Contact: Peter Vietti
Office of Naval Research
Students to face-off in new RobotX game
RoboNation gears up for larger, more competitive, global robotics competition
ARLINGTON, Va.—RoboNation is gearing up for a larger, more competitive, global event that is entering the field of student robotics competitions, U.S. Navy officials announced Aug. 14.
The Maritime RobotX Challenge is co-sponsored by the Office of Naval Research (ONR), Association for Unmanned Vehicle Systems International (AUVSI) Foundation and Singapore's Ministry of Defence, which is hosting the inaugural event.
The new competition—announced at AUVSI's Unmanned Systems 2013 conference in Washington, D.C.—will take place Oct. 20-26, 2014, in Singapore and is scheduled to occur every two years.
Three teams each from five countries—the United States, Singapore, Australia, Japan and South Korea—will battle for $100,000 in prize money. The student teams will be chosen using a competitive selection model; teams may be from multiple schools, as collaboration among institutions is encouraged to foster innovation and raise the level of competition.
"For the Department of the Navy to continue to develop future capabilities, we need a pipeline of young people interested in subject areas like robotics and autonomy," said Kelly Cooper, a program officer in ONR's Sea Warfare and Weapons department. "This competition serves as a catalyst for autonomous vehicle development that can ultimately lead to operational unmanned systems."
The participating countries are from the Pacific region, mirroring the U.S. military's increasing focus on this area and the Navy's direction to expand its presence there in the coming years, as stated in the [Chief of Naval Operations'] Navigation Plan 2014-2018.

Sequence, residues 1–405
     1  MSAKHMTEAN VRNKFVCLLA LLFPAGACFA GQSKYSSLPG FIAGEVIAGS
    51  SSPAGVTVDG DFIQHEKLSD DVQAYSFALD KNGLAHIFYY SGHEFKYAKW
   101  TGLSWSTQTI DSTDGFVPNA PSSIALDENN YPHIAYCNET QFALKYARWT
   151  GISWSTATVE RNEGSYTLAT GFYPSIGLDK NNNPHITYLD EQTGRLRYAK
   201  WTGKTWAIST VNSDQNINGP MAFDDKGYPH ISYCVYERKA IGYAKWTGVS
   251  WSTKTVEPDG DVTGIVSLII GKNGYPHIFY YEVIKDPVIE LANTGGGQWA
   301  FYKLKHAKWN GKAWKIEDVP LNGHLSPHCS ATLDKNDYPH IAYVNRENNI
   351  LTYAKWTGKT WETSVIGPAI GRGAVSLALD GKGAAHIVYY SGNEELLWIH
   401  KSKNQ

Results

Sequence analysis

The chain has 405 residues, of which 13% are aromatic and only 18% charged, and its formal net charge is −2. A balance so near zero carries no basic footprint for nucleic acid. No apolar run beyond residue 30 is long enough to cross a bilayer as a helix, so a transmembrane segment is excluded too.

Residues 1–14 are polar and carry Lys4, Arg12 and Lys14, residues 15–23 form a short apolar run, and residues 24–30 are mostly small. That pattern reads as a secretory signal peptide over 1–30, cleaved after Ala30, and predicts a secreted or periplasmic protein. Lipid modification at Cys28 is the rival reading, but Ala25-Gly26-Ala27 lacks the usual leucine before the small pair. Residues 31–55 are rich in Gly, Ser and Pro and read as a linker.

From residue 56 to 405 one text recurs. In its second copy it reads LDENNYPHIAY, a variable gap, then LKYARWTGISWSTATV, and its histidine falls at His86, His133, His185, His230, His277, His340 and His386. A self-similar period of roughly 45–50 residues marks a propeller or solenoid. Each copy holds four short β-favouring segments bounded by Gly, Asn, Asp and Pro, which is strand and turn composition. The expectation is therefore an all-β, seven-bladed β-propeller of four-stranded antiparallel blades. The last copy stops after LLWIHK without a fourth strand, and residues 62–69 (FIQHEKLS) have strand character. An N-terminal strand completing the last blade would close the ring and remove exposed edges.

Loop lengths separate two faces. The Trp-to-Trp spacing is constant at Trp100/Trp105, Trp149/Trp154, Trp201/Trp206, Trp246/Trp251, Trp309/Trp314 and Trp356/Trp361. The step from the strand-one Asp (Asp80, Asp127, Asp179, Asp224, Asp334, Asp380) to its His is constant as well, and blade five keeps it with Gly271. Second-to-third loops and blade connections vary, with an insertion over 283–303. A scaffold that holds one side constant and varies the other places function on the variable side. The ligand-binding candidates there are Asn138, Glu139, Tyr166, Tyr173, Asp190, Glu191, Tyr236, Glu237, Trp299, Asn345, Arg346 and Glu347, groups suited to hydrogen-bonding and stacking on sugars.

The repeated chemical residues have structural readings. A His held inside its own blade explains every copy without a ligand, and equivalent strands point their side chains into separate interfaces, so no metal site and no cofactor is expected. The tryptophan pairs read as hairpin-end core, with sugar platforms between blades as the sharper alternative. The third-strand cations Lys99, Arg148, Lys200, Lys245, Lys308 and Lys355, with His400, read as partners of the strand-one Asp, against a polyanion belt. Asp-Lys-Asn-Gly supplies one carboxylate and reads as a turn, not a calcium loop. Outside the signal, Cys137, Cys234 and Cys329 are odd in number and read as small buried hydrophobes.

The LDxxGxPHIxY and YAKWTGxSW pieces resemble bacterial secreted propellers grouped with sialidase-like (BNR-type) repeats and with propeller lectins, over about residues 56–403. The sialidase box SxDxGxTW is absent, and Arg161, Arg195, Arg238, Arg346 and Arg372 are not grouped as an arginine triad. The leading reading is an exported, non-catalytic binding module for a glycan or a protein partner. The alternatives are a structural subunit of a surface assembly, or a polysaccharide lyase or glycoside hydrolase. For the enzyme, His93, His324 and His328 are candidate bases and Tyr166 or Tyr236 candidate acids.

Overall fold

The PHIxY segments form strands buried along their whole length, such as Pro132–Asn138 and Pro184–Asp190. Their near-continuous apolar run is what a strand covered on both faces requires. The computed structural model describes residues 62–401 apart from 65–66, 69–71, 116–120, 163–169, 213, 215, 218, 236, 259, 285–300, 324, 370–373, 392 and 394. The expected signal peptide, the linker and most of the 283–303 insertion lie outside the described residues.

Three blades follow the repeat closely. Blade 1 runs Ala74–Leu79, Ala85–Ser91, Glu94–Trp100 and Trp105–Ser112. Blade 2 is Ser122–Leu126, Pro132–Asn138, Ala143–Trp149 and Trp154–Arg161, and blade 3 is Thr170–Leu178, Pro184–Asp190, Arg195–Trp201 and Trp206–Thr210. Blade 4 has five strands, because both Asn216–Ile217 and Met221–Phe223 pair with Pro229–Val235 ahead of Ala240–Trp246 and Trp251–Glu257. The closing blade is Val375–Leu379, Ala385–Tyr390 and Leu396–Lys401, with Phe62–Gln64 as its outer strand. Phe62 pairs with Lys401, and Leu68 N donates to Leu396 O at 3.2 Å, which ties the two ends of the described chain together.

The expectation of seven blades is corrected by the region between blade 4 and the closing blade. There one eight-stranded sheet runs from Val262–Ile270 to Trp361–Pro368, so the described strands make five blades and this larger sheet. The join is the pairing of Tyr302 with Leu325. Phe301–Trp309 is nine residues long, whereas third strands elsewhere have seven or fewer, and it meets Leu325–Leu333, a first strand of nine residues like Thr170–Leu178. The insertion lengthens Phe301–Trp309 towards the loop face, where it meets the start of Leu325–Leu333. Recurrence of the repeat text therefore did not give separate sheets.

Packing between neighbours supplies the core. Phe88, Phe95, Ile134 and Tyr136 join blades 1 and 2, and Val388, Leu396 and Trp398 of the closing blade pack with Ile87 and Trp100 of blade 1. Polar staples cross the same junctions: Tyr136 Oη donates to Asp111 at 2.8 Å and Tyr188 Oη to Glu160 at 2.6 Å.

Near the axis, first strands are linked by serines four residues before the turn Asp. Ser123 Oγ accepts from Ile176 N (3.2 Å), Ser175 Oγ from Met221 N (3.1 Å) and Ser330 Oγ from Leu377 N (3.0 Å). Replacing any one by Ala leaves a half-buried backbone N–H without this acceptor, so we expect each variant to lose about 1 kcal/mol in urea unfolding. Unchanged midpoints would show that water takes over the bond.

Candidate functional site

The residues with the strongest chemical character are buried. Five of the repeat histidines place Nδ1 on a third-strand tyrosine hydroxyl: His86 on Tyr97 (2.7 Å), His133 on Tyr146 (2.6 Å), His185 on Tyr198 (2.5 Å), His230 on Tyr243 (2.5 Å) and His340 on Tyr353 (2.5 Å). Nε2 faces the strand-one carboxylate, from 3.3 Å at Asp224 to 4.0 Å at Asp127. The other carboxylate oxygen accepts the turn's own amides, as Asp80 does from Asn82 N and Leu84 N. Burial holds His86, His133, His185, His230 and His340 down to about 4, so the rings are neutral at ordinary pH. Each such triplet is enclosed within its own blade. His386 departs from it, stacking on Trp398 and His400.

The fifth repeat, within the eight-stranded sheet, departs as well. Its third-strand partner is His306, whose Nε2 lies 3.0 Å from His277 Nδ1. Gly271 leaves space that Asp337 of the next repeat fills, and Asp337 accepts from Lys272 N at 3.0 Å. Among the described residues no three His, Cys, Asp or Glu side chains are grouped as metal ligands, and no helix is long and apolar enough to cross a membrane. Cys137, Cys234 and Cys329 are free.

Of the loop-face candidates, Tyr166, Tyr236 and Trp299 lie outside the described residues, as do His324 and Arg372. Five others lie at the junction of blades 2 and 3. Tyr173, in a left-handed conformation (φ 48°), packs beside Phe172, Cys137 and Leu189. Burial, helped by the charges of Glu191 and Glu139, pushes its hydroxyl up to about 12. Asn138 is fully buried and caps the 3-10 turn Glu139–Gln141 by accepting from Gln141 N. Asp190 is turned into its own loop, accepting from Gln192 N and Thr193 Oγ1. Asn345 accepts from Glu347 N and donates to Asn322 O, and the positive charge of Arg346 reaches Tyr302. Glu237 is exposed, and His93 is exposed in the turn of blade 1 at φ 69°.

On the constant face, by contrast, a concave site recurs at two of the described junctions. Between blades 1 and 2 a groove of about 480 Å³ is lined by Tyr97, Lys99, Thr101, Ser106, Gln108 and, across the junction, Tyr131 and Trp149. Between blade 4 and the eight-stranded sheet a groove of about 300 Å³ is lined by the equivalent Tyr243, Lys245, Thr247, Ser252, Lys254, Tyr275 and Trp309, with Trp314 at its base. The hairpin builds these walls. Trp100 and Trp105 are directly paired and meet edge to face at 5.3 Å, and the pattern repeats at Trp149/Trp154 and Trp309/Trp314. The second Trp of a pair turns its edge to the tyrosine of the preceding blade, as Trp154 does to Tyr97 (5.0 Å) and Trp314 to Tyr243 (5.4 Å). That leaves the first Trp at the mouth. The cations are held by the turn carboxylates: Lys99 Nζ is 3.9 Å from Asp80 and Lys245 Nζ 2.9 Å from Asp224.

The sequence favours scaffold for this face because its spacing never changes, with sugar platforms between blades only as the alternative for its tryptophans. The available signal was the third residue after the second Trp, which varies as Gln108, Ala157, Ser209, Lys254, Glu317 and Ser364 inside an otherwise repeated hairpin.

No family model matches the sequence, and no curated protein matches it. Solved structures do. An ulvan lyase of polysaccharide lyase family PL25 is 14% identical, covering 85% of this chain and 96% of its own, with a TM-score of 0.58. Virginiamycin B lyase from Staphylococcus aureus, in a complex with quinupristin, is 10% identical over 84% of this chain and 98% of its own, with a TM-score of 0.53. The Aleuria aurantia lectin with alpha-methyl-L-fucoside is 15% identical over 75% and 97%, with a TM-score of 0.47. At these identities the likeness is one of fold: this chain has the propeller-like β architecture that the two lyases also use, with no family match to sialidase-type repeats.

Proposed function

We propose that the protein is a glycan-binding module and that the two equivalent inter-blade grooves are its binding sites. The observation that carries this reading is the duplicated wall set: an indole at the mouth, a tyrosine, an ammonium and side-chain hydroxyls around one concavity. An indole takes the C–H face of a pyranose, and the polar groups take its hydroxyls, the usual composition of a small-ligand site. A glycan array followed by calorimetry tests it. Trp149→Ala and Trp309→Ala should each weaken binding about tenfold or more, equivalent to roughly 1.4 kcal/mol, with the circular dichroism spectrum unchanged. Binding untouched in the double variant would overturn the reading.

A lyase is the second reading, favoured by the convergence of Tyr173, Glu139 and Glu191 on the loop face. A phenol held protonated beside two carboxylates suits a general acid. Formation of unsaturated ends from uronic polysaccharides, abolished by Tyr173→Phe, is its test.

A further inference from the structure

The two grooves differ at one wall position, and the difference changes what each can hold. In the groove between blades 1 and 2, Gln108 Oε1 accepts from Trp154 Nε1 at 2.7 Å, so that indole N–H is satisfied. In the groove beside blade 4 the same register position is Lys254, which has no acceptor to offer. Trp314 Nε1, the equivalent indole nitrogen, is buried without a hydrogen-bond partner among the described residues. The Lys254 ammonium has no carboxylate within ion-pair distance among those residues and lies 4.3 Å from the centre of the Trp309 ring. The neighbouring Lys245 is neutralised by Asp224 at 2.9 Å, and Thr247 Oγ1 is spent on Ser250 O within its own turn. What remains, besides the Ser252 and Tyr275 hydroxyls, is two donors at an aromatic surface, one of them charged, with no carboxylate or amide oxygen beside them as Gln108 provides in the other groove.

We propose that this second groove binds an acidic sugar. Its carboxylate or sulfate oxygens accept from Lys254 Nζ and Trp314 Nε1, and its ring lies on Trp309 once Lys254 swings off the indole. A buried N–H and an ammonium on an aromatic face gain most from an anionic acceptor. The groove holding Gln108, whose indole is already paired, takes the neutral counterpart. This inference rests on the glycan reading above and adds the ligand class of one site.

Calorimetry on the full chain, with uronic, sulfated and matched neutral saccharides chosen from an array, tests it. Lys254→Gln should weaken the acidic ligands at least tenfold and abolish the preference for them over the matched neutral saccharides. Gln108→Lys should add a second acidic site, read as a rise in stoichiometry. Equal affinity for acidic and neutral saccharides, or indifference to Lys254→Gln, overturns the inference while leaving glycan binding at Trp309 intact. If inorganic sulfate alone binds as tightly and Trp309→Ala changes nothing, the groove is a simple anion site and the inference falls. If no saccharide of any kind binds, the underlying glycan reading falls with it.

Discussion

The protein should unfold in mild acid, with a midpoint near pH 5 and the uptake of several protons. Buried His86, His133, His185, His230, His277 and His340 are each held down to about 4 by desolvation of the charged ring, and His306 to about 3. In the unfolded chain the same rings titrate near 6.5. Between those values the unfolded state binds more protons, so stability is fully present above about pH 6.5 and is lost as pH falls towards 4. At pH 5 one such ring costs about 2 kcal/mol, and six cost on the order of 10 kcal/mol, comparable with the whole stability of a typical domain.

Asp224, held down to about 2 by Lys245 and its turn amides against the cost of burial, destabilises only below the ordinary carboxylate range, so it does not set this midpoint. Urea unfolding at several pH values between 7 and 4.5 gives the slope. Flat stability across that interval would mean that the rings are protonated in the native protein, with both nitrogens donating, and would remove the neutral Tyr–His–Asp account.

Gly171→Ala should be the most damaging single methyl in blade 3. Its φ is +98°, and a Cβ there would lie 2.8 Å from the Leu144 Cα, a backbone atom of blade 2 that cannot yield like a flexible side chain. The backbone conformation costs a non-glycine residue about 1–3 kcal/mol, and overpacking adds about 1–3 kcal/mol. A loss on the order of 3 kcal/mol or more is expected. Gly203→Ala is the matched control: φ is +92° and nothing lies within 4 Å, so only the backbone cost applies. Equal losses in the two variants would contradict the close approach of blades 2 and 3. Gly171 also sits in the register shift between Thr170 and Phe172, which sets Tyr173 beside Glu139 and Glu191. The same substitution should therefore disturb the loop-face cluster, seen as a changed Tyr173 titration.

"ONR Global has an office in Singapore, and it's a natural fit for the first challenge to be hosted by such a strong United States partner in the Pacific," Cooper said.
For the Pacific-based Maritime RobotX, each team will receive an unpowered version of the 16-foot Wave Adaptive Modular Vessel (WAM-V), as well as a grant to build a battery-powered propulsion system and sensors. In the future, the goal is to enable the launch of micro-air vehicles and autonomous underwater vehicles from the modular WAM-V platform to demonstrate multi-domain, autonomous platform interoperability.
"We're essentially jump-starting the students' awareness of naval architecture by giving them a platform that they'll need to know intimately," said Daryl Davidson, AUVSI Foundation executive director. "Their understanding of the platform is critical to the vessel's performance and success."
Teams will have to successfully complete a series of tasks to demonstrate navigation and control; obstacle detection and avoidance; docking and target identification; underwater search for an acoustic source; and observation, identification and reporting of a specified target.
As with other competitions sponsored by ONR and the AUVSI Foundation, Maritime RobotX uses realistic scenarios that allow students a hands-on opportunity to develop their skills in systems engineering, as well as collaborate with the engineers and organizations developing autonomous surface vehicle technologies.
To learn more about the competition, go to: http://www.robotx.org.